Sequential State – the comics criticism archive of Alex Hoffman

Review: Libby’s Dad by Eleanor Davis

2016 was a year for Eleanor Davis comics. First it was Frontier #11: BDSM,which I reviewed in February last year. Then a big pile of pages from her cross-country bicycle trip, which are now being collected by Koyama Press. Davis’ latest, Libby’s Dad, is a 40-page full color saddle stitched comic from Retrofit. When Retrofit Comics ran the Kickstarter for their 2016 collection, Libby’s Dad was a big reason for me to take the plunge, and I’m glad I did.

Libby’s Dad is the story of a combination pool party and sleepover Libby is throwing for her friends at her dad’s new house. There are rumors circulating about Libby’s mom; how Libby’s dad threatened to shoot Libby’s mom with his gun, how her mom is crazy, and how none of it makes a lot of sense. Friends’ parents have decided to not let them come over because of Libby’s mother’s accusations against Libby’s dad. Despite the book’s seemingly simple framework, the narrative contorts the reader’s perspective and understanding.

My first observation of Libby’s Dad is how Davis perfectly articulates how children speak to one another. The conversation is casual, innocent, clique-enforcing, and sometimes cruel. There is a strong in-group/outsider power dynamic at play which feels like much of my experience as a small child. This dynamic amplifies the tension of the comic, and is a psychological fulcrum for the entire work.

Davis’ most recent works, BDSM and Libby’s Dad, both consider power dynamics in a patriarchal society. In BDSM, the overwhelming “male-ness” of the crew of the film set, the production’s intended audience, all had a specific tenor. Vic tries to stay in the in-group, in this case the male group, with varying levels of success. In Libby’s Dad, the majority of the cast is female, but it is the father figure’s actions and his abusive relationship with Libby’s mother around which all the other activity swirls. In both places Davis is making sharp observations about the state of our society and the poisonousness of its male-dominated, male-privileged features.

Libby’s Dad also focuses on the ways in which abuse affects people and how the public interacts with those people. There are no black eyes or bruises to notice in Libby’s Dad, no physical manifestations that allow us to easily cast judgement. When abuse is not physical, society’s general response is often one of indifference or distrust of the abused (when it is physical, it’s often the victim’s fault for not leaving, a key difference). Here, Libby’s mother has left, and the girls’ assumption is not that she’s been abused, but that she’s gone crazy. We see many different narrative threads at play in this comic, but clearly the abuse of Libby’s mother was enough for her to get a divorce from Libby’s father. Her face on the back of the book, the only image we see of her, is more than enough to understand the full and dark nature of what’s going on. Davis uses these striking images, one a silhouette of a gun, the other one of Libby’s mom crying over a box of Fruit by the Foot, to punctuate the comic, like a set of exclamation points at the end of a sentence. They’re gut wrenching.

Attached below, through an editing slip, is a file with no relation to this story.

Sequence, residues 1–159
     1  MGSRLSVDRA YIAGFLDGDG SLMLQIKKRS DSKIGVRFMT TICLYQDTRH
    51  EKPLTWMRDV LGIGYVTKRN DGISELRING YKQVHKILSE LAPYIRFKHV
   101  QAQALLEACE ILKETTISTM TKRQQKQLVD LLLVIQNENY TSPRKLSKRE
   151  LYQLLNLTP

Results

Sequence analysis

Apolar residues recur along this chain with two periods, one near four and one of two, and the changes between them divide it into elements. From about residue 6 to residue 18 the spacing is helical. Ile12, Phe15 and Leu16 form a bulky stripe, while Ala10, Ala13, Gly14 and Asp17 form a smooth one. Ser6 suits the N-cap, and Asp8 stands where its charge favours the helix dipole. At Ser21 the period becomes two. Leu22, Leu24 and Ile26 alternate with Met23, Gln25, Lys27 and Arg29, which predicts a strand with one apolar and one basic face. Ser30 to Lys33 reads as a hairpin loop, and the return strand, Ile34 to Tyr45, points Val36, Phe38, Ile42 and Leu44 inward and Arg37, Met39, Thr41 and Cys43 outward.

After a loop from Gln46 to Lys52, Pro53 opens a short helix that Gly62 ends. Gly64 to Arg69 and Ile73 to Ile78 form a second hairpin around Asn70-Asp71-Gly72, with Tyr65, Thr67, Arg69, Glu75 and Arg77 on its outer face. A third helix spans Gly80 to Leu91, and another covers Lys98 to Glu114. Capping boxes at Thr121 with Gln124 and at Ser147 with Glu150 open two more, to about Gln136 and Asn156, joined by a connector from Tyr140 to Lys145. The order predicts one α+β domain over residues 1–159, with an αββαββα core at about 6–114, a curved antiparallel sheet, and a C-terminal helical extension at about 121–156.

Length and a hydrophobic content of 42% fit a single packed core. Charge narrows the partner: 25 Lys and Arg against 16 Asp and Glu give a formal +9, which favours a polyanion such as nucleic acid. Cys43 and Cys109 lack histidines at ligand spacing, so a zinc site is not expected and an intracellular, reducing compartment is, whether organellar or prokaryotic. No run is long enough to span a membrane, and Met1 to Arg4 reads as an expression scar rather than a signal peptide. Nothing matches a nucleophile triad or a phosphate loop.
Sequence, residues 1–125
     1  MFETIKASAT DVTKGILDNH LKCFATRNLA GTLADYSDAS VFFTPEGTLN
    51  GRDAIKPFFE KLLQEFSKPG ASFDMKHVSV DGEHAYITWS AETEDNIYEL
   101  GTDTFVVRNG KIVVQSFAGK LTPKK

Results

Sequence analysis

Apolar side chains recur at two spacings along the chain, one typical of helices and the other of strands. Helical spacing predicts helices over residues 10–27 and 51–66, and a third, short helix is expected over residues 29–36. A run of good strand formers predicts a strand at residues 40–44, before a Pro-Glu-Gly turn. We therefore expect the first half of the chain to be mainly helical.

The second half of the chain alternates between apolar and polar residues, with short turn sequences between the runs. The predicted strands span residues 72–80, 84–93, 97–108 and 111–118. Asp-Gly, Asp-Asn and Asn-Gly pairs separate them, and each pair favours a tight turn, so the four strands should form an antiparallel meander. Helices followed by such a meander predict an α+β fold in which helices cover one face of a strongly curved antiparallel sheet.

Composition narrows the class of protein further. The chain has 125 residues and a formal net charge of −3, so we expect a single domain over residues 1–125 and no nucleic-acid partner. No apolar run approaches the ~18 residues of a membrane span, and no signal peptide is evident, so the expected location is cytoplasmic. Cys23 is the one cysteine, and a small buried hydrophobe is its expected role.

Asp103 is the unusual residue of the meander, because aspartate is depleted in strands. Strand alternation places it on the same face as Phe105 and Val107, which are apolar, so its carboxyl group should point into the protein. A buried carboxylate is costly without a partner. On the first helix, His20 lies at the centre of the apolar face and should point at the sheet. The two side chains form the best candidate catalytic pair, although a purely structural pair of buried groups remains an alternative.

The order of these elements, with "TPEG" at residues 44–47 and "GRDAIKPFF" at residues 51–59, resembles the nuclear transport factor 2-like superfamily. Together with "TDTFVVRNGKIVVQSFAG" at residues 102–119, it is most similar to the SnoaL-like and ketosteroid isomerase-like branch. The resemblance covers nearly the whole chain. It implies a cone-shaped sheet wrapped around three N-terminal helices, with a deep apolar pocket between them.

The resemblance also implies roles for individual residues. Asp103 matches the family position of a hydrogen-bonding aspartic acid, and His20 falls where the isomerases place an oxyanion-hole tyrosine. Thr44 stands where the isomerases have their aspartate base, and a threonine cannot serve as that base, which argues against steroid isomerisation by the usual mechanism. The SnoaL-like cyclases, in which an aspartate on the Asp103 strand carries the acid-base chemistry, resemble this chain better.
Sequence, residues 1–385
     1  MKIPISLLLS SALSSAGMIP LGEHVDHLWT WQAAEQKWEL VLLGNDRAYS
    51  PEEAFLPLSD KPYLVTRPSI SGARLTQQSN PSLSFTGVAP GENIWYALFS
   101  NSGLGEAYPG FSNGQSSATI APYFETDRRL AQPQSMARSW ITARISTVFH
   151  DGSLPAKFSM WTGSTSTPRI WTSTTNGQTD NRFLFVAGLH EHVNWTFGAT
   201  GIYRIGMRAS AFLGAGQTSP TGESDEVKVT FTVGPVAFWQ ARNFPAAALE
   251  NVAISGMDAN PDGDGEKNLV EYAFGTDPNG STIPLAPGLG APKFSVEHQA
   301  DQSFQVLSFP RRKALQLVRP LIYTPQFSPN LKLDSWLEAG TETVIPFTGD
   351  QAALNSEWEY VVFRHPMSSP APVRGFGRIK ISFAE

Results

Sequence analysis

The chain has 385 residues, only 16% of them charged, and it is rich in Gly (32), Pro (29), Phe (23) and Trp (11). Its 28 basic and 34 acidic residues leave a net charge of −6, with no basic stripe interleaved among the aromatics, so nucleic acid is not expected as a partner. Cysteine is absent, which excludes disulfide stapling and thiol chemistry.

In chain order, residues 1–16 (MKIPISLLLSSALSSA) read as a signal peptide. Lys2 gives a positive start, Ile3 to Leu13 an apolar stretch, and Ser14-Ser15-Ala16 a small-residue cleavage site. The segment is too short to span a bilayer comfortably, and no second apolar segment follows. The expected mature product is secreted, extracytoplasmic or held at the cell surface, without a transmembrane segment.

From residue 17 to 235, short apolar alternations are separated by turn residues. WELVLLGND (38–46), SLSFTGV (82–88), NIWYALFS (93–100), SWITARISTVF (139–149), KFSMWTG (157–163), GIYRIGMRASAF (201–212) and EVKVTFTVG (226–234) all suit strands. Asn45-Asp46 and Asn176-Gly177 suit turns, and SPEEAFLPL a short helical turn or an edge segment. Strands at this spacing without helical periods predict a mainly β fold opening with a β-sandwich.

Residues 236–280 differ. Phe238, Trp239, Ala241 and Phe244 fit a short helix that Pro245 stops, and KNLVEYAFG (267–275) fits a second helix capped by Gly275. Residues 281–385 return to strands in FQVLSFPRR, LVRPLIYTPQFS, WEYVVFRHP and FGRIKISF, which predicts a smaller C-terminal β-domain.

Davis’s transitions are the places where the comic excels (I was going to use the word shines, but Libby’s Dad, despite its bright colors, is a very dark book). When day turns to night, the rumors surrounding Libby’s dad are tested. The things that were perfectly germane for tweens to talk about out in the sun at the pool now become terrifying and horrible. We see Libby’s friends gripped in fear that’s almost elemental. When the scene comes to its conclusion, Davis unveils the most devastating transition of the comic; the switching from that brutal, blood-curdling fear back to the previous in-group power dynamic, this time targeting Libby’s mom.

Despite the story being called Libby’s Dad, Libby herself is generally absent from the comic, at times voiceless, and I think that decision amplifies the tension of the comic and Davis’ main themes. When Libby does interact with her friends, or talks to them in a meaningful way, there’s a distance  – is she indifferent, or afraid? Davis leaves this detail unclear.

Davis’ recent work has been intricately plotted and considered, and the art continues to evolve from the style of comics
published in Mome and How To Be Happy. Davis has a strong eye for shape and visual flow, and Libby’s Dad, with its panel-less pages illustrated with colored pencils or crayon, is a visual feast. The cream colored paper was a nice choice for this saddle-bound floppy, giving even Davis’ darkest blues warmth. The way each page or spread is composed shows an attention to detail that, by comparison, is missing from much of the work of Davis’ contemporaries.

Libby’s Dad is one of the best books from Retrofit’s 2016 lineup, and I highly recommend it. Find your copy before you read You & a Bike & a Road, which comes out from Koyama Press in May.

Eleanor Davis is a cartoonist and illustrator based in Athens, Georgia. You can find more work and information at

Retrofit Comics is a publisher of alternative comics. You can find out more about their catalog at their website.

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